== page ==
The neurological complications described in association with intensive head banging include subdural hematoma, [2],[3] vertebral artery aneurysm, [4] carotid artery dissection, [5] whiplash injury, [6] odontoid fracture, [7] and vertebral artery dissection with vertebrobasilar ischemia or infarction. [8] It is believed that Terry Balsamo, the guitarist from the heavy metal band Evanescence, experienced a stroke from head banging. [1] In the young, the causes of ischemic stroke may be other than atherothrombosis and hypertension. [9] A high index of suspicion of vascular injury in young persons presenting with persistent unilateral head or neck pain even after a minor trauma should be maintained. This index of suspicion should be even higher in patients with posterior circulation symptoms with antecedent trauma. Examples of trivial blunt trauma to the head and neck resulting in vertebral artery dissection include chiropractic manipulation, tennis, seat belt use, yoga, and head banging. [8],[10] Literature survey did not reveal incidence of BAT associated with head banging. Vertebrobasilar ischemia or infarction as a result of extremes of cervical motion is probably due to the fact that the vertebral arteries are fixed in the transverse foramina, rendering them susceptible to occlusion or shearing from extremes of neck motion. Rotation occurs first at the atlantoaxial joint before any rotation occurs in the cervical spine, leading to stretching and compression of the vertebral artery. Occlusion and spasm of the artery has been documented. An intimal tear can occur with formation of an intraluminal clot, which may result in embolization in the posterior circulation. [4],[9],[10],[11] Probably this might have been the mechanism of ischemic stroke in our patient. It remains unclear whether head banging and BAT in this single case is just coincidental or causally related. However, the temporal relationship between intensive head banging and the posterior circulation stroke is striking, suggesting a possible causal relation between the two and also no other risk factor could be found. Unfortunately, in our patient, the therapeutic intervention had resulted in significant neurological disability.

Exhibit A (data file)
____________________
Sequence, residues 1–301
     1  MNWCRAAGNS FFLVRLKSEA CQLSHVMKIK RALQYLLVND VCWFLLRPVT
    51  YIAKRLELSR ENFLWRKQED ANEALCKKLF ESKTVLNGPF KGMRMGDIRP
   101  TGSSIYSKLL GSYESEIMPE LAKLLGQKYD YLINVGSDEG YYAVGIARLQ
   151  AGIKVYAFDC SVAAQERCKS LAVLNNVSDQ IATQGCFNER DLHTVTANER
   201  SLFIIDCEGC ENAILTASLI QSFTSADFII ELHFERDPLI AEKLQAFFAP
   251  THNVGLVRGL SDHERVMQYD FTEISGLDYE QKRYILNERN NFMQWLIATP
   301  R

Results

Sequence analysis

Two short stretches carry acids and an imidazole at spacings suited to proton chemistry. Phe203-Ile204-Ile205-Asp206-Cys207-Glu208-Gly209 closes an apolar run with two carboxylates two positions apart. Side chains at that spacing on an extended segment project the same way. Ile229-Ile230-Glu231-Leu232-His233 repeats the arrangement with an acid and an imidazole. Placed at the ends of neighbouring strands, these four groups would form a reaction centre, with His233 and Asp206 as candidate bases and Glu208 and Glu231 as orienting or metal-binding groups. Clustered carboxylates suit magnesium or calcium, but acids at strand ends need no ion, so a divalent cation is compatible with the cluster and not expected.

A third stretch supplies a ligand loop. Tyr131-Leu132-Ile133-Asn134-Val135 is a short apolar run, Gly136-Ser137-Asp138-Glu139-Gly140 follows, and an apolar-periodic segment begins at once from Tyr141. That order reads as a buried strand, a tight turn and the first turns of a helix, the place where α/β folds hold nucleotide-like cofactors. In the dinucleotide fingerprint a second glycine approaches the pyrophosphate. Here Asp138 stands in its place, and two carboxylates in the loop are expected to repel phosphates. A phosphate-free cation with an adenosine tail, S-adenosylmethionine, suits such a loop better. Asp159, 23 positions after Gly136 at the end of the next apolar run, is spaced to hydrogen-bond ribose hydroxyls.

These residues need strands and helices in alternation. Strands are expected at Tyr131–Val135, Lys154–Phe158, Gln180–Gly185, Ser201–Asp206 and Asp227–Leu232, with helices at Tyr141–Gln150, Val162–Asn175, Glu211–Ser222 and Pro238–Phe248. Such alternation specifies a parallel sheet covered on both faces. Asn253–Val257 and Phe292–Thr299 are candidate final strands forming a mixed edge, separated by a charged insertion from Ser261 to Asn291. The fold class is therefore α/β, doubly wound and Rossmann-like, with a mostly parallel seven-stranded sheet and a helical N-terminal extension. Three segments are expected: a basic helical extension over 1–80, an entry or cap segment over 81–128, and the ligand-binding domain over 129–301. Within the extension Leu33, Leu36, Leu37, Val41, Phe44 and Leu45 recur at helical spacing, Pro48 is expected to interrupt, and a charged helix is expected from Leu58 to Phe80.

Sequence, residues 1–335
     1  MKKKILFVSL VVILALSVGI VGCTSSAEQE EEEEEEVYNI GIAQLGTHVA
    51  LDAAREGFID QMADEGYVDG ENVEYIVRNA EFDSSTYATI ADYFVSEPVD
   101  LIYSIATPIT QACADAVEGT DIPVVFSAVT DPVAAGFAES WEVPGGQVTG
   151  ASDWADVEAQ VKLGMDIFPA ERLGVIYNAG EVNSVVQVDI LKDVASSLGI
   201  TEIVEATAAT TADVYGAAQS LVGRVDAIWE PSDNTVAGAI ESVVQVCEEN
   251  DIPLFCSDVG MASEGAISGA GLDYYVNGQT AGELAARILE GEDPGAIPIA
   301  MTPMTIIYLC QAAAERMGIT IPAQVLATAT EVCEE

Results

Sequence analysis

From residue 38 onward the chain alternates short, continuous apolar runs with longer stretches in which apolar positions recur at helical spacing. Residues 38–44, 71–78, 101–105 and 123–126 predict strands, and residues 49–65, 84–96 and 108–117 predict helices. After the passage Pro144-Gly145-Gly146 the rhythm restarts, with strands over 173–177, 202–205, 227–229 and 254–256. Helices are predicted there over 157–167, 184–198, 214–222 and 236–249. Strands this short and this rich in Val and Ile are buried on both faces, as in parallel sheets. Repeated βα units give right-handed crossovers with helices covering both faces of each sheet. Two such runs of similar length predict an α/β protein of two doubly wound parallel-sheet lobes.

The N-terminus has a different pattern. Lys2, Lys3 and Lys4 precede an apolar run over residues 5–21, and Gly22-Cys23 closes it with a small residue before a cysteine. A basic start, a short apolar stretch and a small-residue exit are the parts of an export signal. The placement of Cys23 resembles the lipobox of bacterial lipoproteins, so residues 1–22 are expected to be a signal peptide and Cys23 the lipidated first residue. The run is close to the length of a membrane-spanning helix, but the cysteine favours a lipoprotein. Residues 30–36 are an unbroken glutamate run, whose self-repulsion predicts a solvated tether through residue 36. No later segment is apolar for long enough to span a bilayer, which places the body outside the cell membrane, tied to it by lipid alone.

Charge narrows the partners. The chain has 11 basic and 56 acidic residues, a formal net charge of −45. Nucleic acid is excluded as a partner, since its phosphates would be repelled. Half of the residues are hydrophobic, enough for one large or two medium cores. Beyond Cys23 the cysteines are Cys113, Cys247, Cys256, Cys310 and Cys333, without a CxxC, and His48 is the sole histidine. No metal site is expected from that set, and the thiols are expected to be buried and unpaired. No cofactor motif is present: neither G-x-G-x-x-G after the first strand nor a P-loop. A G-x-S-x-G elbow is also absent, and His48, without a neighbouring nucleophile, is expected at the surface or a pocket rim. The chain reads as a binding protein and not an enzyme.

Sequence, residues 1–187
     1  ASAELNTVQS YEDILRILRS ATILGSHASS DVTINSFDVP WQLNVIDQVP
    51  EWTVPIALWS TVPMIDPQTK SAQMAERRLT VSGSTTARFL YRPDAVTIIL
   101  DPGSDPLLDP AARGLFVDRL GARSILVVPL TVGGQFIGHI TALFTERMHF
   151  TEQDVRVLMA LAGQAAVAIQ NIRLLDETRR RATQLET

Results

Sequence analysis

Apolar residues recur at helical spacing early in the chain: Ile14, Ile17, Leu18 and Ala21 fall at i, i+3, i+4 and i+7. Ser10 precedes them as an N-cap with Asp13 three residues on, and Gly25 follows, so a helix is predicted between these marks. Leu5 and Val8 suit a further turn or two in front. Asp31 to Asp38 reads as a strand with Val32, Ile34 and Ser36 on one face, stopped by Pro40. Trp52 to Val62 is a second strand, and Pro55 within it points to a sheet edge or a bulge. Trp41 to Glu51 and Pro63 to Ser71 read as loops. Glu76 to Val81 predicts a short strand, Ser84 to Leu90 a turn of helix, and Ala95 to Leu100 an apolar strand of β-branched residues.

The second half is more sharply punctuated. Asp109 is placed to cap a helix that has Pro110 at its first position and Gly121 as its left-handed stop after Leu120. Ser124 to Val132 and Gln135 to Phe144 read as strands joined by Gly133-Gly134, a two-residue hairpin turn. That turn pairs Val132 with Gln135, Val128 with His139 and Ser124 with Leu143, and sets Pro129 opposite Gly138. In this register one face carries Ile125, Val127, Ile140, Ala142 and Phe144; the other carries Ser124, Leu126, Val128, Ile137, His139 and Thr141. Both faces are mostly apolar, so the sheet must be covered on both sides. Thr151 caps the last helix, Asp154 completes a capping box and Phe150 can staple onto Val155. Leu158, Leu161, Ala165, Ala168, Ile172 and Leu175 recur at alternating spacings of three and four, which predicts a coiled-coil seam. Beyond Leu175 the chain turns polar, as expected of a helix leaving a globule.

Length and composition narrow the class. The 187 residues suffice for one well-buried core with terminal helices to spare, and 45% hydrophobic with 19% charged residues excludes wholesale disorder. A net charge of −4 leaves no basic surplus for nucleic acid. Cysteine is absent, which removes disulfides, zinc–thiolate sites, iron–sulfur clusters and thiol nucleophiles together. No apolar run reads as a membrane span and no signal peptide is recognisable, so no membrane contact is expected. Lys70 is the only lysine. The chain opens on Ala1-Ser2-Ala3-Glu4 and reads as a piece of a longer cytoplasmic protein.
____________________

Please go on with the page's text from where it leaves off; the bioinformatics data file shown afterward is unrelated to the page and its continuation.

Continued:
» References Top

1.Patton D, McIntosh A. Head and neck injury risks in heavy metal: head bangers stuck between rock and a hard bass. BMJ 2008;337:a2825.  Back to cited text no. 1
2.Neyaz Z, Kandpal H, Sharma R, Kale S. 'Head banging' during rock show causing subdural hematoma. Neurol India 2006;54:319-20.  Back to cited text no. 2
[PUBMED]  Medknow Journal  
3.De Cauwer H, Van Giel R, Mortelmans L, van den Hauwe L. An uncommon cause of headache after head banging at a party. Eur J Emerg Med 2009;16:212-3.   Back to cited text no. 3
4.Egnor MR, Page LK, David C. Vertebral artery aneurysm-a unique hazard of head banging by heavy metal rockers. Case report. Pediatr Neurosurg 1991-1992;17:135-8.  Back to cited text no. 4
5.Jackson MA, Hughes RC, Ward SP, McInnes EG. "Head banging" and carotid dissection. Br Med J (Clin Res Ed) 1983;287:1262.   Back to cited text no. 5
6.Kassirer MR, Manon N. Head banger's whiplash. Clin J Pain 1993;9:138-41.  Back to cited text no. 6
7.Zijlstra WP, van Raay JJ. A 65-year-old patient with an odontoid fracture caused by 'head banging'. Ned Tijdschr Geneeskd 2008;152:1743-5.   Back to cited text no. 7
8.Malek AM, Halbach VV, Phatouros CC, Meyers PM, Dowd CF, Higashida RT. Endovascular treatment of a ruptured intracranial dissecting vertebral aneurysm in a kickboxer. J Trauma 2000;48:143-5.  Back to cited text no. 8
9.Hilton-Jones D, Warlow CP. Non-penetrating arterial trauma and cerebral infarction in the young. Lancet 1985;1:1435-8.  Back to cited text no. 9
10.Showalter W, Esekogwu V, Newton KI, Henderson SO. Vertebral artery dissection. Acad Emerg Med 1997;4:991-5.  Back to cited text no. 10
11.Bakay L, Sweet WH. Intra-arterial pressures in the neck and brain; late changes after carotid closure, acute measurements after vertebral closure. J Neurosurg 1953;10:353-9.  Back to cited text no. 11


  [Figure 1]

This article has been cited by
1 Traumatic Brain Injury After Music-Associated Head Banging: A Scoping Review
James B. Meiling, David R. Schulze, Emily Hines, Leslie C. Hassett, Dmitry Esterov
Archives of Rehabilitation Research and Clinical Translation. 2022; : 100192
[Pubmed] | [DOI]


Print this article  Email this article
Online since 20th March '04
Published by Wolters Kluwer - Medknow